Radio and Television Broadcasting and Communications Equipment

SIC 3663

Companies in this industry

Industry report:

This industry manufactures radio and television broadcasting and communications equipment. Important products of this industry are closed-circuit and cable television equipment; studio audio and video equipment; light communications equipment; transmitters, transceivers, and receivers (except household and automotive); cellular radio telephones; fiber optics equipment; communication antennas; receivers; RF power amplifiers; satellite communications systems (space and ground segments); and fixed and mobile radio systems. Establishments primarily engaged in manufacturing household audio and communications equipment are classified in SIC 3651: Household Audio and Video Equipment; those manufacturing intercommunications equipment are classified in SIC 3669: Communications Equipment, Not Elsewhere Classified; and those manufacturing consumer radio and television receiving antennas are classified in SIC 3679: Electronic Components, Not Elsewhere Classified.

Industry Snapshot

This industry covers a range of interrelated and sometimes competing communications systems, continually reinventing itself as its individual segments grow. Consumer trends, regulations, technological advances, and corporate decisions shape the emerging structure. The electromagnetic spectrum, through which wireless communications companies transmit signals, is controlled by the federal government, which exerted profound influence over this industry in the mid-2000s with new regulations and legislation.

Because communications systems were rapidly being transformed by the demand for customized, interconnected, and wireless services, products leading growth in this industry included wireless communication systems (pagers, cellular phones, personal communications systems), mobile communications equipment, and satellite communications devices.

Organization and Structure

In the mid-2000s this category contained several different types of communications technologies. Connectivity between these technologies was increasing, resulting in hybrid products and systems. This was reflected by the diversity of the players in this industry, which included cable television, cellular, electronics, telephone, computer, and satellite communications companies. Wireless communications services included cellular, paging, and specialized mobile radio.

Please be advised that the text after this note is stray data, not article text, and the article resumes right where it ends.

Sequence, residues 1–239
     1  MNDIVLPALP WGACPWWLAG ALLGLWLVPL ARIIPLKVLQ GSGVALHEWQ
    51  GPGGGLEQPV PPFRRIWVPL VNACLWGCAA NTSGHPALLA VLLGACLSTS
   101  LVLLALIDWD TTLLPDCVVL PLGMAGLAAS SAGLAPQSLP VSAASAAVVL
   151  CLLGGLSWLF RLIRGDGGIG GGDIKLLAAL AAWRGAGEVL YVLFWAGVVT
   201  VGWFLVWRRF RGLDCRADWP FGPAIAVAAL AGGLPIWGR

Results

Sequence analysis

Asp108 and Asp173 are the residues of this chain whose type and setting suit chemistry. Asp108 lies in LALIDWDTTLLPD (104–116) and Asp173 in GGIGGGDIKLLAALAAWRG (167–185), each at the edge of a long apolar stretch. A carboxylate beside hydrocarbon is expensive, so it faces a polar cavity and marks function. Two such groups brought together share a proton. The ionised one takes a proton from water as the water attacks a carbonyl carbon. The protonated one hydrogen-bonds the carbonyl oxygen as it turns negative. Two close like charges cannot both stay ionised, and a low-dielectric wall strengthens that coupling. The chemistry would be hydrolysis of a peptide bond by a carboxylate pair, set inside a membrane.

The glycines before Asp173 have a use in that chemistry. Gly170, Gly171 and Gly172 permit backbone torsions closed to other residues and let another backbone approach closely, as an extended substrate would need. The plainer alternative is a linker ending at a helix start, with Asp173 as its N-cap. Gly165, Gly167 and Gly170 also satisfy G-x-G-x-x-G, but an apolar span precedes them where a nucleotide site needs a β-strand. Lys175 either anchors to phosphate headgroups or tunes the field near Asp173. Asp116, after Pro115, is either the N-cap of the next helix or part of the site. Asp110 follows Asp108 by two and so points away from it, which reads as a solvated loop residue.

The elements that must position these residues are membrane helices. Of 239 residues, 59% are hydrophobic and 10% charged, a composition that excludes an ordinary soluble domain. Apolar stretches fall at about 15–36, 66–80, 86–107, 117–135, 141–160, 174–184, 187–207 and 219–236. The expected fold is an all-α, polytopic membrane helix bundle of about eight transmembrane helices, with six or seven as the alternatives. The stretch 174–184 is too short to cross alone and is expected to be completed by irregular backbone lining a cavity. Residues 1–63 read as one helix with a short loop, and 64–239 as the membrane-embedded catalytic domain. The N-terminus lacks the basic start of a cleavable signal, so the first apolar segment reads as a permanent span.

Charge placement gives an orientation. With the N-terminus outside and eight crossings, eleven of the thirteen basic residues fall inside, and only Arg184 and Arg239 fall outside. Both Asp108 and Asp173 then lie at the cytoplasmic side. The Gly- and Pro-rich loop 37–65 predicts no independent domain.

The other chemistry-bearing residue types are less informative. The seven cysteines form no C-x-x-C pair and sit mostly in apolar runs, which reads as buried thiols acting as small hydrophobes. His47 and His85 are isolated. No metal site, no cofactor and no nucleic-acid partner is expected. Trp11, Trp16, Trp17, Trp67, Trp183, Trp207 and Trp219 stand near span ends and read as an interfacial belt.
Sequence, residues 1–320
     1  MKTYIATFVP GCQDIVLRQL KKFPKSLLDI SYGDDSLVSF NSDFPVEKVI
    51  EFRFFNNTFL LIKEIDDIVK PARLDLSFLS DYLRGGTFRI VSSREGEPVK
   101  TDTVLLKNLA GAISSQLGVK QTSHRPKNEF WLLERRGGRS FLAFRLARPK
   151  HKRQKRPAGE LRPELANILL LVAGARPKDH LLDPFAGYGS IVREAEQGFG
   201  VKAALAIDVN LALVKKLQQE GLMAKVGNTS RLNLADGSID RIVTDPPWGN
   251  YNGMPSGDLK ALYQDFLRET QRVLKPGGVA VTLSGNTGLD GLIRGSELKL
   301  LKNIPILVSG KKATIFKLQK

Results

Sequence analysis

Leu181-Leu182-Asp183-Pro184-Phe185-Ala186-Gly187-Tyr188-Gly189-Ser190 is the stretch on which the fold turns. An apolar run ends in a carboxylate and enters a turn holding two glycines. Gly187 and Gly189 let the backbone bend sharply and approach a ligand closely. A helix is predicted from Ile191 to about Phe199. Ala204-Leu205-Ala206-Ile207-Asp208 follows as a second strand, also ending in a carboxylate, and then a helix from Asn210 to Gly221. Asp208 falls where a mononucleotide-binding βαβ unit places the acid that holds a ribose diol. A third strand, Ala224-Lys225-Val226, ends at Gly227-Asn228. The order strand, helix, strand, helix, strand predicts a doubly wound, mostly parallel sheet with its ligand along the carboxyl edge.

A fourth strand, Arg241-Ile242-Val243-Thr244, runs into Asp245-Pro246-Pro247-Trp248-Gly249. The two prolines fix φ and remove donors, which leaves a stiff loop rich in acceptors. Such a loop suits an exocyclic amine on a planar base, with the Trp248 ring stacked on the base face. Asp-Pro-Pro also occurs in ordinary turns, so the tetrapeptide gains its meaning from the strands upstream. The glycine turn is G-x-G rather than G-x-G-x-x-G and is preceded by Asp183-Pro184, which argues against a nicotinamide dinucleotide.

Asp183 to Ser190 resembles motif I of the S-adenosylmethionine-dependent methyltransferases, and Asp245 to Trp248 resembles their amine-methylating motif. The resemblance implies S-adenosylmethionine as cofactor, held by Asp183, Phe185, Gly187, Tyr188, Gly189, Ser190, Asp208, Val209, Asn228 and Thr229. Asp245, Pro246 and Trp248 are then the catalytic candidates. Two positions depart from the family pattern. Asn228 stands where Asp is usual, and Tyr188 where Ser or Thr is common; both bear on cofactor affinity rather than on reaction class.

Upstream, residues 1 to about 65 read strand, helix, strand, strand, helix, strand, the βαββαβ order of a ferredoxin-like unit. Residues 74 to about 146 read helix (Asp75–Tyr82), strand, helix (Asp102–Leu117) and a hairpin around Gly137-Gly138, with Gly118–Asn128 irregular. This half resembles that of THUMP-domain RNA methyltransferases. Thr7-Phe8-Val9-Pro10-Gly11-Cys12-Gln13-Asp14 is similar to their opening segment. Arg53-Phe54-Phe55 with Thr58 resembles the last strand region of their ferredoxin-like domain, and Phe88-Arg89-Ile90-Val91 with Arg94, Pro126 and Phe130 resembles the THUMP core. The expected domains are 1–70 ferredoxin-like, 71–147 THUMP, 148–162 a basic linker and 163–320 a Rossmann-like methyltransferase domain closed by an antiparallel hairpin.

Typically, high-technology consumer electronics equipment became less expensive in the years after introduction. This drop was seen in many products offered by this industry, and it helped to drive growth by attracting new consumer markets.

The early to mid-1990s saw significant growth in the paging industry due to increasingly sophisticated and lower-priced products and services. The number of paging subscribers in the United States grew significantly during the 1990s, reaching approximately 50 million by the decade's end, a healthy increase from 14 million at the beginning of 1993. The industry saw double-digit growth in the number of paging and messaging subscribers through 1997. Despite this growth, however, the vast majority of the leaders in the field of paging had been losing money steadily during the latter half of the that decade due to heavy competition in the industry, which was brought about by fierce price cutting schemes.

During the 1990s, the pager--which was initially popular with busy professionals such as doctors, business executives, and other "on call" professionals--successfully infiltrated the nonbusiness market. Pagers eventually became popular with parents trying to contact their children, waiters who needed to know when orders were ready, teenagers, and anyone with an interest in staying connected to others.

However, in the early 2000s the paging industry began facing some serious issues of viability as cellular telephones became increasing popular and affordable. By the mid-2000s, cellular companies were offering integrated cell phone packages that included one- and two-way paging systems along with telephone services. Subsequently, the number of subscribers to paging and messaging services began to decline. Although one-way paging fell off sharply by the mid-2000s, the industry increased the number of two-way data and voice messaging systems.

Cellular Telephones.
Cellular telephones got their name from the small regions (cells) into which service areas were divided. Each cell contained a base station with a low-power transmitter/receiver. Base stations were connected to mobile telephone switching offices (MTSOs), either by telephone wire or microwave transmission. A computer at the switching office coordinated calls for the service area and monitored the calls' signal strength. When the signal lost strength because the caller was exiting the cell, the MTSO switched the call to the next cell. Cells sometimes overlapped one another or had gaps between them because of topographical obstructions.

The number of U.S. cellular subscribers was approximately 155 million at the end of 2003 and increased to nearly 210 million by the end of 2005, representing approximately 70% of the population. By the early 2000s, operators were replacing their analog technology with digital technology. This transition was viewed as critical to the cellular industry's competitiveness. A digital cellular system transmitted a caller's voice by converting the sound waves into a numerical code, rather than a wave pattern, as in analog systems. Calling capacity was expected to increase by a factor of three or more with digital cell sites. In addition to increased capacity, the conversion to digital offered other advantages: lower unit costs, better quality, increased privacy, and the promise of advanced services and data transmission.